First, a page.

Edited Invalid date

0

0

Quiz

11.7 Archimedes' Principle

- Your arms feel heavy when you rise from the bath.
- You no longer have the support of the water.

- The upward force on the bottom of an object in a fluid is greater than the downward force on the top of the object.
- The object will rise to the surface if the force is greater than the object's weight.
- The object will sink if the force on the object is less than the object's weight.
- The object will remain suspended if the force is equal to the object's weight.
- The force is always present when the object floats, sinks, or is suspended in a fluid.

- The net upward force on any object is called the buoyant force.

- With depth comes increased pressure due to the weight of the fluid.
- The upward force on the bottom of the cylinder is greater than the downward force on the top of the cylinder.
- Their force is different.

- The object will rise if the weight is greater than the object.
- The object will sink if it is less than its weight.

- The weight of the fluid displaced must be equal to the weight of the surrounding fluid.
- That is a statement of the principle.

- fluid has a weight and fills the space it occupied.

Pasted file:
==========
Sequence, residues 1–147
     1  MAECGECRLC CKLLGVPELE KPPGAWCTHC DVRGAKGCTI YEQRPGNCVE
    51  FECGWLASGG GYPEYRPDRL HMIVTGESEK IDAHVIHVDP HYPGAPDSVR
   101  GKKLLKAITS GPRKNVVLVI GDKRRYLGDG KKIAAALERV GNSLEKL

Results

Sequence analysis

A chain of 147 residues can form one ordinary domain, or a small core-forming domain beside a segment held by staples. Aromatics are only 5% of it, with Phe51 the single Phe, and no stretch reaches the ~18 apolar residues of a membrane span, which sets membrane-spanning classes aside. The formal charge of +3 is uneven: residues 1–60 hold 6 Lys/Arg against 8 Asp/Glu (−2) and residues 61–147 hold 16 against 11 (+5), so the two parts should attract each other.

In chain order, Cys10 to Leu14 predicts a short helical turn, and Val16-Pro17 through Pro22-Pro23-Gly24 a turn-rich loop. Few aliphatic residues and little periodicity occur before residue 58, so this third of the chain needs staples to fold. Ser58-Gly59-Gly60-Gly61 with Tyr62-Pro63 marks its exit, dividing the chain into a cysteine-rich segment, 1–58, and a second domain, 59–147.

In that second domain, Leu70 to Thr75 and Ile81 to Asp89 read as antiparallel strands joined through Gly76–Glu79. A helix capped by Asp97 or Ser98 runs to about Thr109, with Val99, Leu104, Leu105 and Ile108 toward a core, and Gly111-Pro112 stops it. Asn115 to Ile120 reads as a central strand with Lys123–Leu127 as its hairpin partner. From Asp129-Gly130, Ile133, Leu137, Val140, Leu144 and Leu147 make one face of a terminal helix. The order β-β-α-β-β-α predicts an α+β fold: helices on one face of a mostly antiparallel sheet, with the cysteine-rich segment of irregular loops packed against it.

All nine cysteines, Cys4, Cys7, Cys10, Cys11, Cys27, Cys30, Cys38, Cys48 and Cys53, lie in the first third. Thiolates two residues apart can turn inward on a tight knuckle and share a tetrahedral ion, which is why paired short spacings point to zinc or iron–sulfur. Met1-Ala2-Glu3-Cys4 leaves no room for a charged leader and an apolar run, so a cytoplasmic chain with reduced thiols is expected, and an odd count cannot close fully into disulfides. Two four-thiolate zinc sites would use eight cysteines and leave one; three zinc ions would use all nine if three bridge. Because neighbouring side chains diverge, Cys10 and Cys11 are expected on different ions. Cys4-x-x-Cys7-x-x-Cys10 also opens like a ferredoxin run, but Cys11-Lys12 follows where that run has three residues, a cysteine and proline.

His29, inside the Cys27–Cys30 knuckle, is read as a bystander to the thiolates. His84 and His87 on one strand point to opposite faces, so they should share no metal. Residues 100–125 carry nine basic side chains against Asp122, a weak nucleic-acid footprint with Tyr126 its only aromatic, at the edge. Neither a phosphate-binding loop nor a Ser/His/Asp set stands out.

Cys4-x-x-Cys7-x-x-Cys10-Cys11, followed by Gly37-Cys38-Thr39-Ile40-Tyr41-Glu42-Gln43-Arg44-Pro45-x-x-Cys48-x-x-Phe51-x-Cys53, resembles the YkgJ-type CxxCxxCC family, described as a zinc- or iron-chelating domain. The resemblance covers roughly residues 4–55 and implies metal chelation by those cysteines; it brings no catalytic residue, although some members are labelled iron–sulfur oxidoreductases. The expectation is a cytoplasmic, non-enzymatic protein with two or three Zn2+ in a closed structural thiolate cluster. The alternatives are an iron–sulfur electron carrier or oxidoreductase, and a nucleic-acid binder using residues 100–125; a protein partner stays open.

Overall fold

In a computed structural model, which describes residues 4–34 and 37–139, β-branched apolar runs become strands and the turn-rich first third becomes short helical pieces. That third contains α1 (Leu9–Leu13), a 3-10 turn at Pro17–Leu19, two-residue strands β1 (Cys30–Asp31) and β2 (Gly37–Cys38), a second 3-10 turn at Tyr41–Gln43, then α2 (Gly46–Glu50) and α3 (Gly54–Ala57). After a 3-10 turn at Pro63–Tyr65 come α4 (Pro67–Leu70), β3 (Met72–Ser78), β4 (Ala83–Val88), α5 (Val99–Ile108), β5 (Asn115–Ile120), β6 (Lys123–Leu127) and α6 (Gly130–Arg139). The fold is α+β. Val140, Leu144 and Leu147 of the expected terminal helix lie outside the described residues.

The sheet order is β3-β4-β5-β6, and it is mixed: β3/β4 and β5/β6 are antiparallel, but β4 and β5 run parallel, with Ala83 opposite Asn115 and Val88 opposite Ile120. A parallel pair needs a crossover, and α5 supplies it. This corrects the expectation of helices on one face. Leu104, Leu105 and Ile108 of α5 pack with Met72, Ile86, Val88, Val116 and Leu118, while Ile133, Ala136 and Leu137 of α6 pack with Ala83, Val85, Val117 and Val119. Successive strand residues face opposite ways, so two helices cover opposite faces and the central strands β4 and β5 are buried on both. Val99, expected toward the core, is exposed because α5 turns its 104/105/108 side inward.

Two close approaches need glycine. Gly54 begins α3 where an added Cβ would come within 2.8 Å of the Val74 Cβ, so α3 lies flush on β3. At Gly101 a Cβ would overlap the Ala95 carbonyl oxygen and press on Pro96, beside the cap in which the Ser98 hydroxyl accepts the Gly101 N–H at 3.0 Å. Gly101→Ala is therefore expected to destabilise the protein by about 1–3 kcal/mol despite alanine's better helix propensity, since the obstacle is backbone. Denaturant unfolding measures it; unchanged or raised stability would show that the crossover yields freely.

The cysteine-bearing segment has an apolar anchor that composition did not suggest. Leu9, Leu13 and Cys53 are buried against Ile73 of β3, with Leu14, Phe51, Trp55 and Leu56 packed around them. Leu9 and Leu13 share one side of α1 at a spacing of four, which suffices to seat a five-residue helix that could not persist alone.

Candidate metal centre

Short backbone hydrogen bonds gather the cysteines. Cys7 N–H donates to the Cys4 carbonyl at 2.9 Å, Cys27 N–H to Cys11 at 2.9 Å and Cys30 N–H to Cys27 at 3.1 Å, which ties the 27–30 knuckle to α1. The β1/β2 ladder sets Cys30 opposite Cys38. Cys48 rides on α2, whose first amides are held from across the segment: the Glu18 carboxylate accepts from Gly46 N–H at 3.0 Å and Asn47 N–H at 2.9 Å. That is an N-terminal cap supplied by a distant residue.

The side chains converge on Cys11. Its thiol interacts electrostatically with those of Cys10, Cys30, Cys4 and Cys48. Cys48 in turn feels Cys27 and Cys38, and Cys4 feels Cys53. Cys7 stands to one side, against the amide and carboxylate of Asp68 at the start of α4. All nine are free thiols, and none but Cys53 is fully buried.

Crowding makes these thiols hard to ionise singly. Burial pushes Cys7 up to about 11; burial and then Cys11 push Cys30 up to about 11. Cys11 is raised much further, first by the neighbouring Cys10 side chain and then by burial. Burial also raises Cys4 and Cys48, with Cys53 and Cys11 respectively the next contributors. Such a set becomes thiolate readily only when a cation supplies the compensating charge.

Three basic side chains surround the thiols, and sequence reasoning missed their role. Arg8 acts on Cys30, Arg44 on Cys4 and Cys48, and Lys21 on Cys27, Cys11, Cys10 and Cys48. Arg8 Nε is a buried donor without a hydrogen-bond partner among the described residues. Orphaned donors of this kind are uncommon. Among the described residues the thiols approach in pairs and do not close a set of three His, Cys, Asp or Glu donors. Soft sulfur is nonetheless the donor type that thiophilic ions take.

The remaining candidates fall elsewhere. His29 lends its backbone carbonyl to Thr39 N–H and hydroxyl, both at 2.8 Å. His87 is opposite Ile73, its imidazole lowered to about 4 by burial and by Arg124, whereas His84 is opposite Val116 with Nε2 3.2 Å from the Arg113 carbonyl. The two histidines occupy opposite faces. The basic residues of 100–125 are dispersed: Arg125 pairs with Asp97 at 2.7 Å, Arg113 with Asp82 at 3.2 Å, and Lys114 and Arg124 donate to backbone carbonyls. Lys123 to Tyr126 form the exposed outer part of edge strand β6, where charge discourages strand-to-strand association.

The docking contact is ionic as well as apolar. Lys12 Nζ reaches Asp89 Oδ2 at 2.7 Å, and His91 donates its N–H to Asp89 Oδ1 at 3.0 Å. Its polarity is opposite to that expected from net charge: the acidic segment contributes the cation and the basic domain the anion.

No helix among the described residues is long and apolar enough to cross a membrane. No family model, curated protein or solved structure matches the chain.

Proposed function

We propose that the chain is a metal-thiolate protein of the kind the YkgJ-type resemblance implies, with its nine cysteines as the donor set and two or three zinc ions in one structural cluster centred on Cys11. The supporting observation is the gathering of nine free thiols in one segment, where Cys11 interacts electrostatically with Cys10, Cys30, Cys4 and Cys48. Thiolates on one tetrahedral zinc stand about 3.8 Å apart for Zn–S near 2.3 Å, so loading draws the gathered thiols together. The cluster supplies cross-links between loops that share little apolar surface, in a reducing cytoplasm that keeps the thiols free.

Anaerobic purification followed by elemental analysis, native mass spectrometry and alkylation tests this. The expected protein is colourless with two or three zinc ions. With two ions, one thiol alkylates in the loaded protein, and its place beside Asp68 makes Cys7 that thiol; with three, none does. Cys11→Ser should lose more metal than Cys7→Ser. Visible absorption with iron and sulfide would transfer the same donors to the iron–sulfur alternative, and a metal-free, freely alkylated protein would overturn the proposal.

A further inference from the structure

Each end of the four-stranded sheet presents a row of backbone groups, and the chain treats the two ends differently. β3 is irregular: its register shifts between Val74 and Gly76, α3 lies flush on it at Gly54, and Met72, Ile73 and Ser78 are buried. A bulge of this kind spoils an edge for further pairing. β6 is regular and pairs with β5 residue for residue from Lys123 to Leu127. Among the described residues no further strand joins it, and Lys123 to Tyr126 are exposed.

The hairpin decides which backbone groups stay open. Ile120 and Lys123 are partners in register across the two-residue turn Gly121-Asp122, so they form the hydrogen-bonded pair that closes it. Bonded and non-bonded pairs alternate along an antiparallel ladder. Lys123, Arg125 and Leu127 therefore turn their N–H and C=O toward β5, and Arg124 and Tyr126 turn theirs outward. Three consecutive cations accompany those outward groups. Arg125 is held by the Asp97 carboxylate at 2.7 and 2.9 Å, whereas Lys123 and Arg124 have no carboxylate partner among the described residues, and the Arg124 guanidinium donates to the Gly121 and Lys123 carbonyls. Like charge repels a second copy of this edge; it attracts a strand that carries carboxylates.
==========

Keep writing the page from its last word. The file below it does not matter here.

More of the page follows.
- The weight of the fluid displaced by the object is supported by the surrounding fluid.

- Any object in any fluid, whether partially or completely submerged, is valid.

- The weight of the fluid is equal to the weight of the object.

- In preparation for the Beijing Olympics, high-tech body suits were introduced.
- The suits should not give any advantage.

- The density of water is less than that of aluminum foil.
- Take a piece of foil and roll it up into a ball.

- You can mold the lump of clay into a boat.
- The shape of the boat makes it displace more water than the lump.
- Steel ships are the same.

- The weight of water must be displaced to find the force.
- The densities of water and steel are given in Table 11.1.
- The steel's volume and the water's volume are the same.
- We can find its mass and weight by knowing the volume of the water.

- First, we use the definition of density to find the steel's volume, and then we substitute values for mass and density.

- This is the volume of water displaced because the steel is completely submerged.
- The mass of water is displaced from the relationship between its volume and density.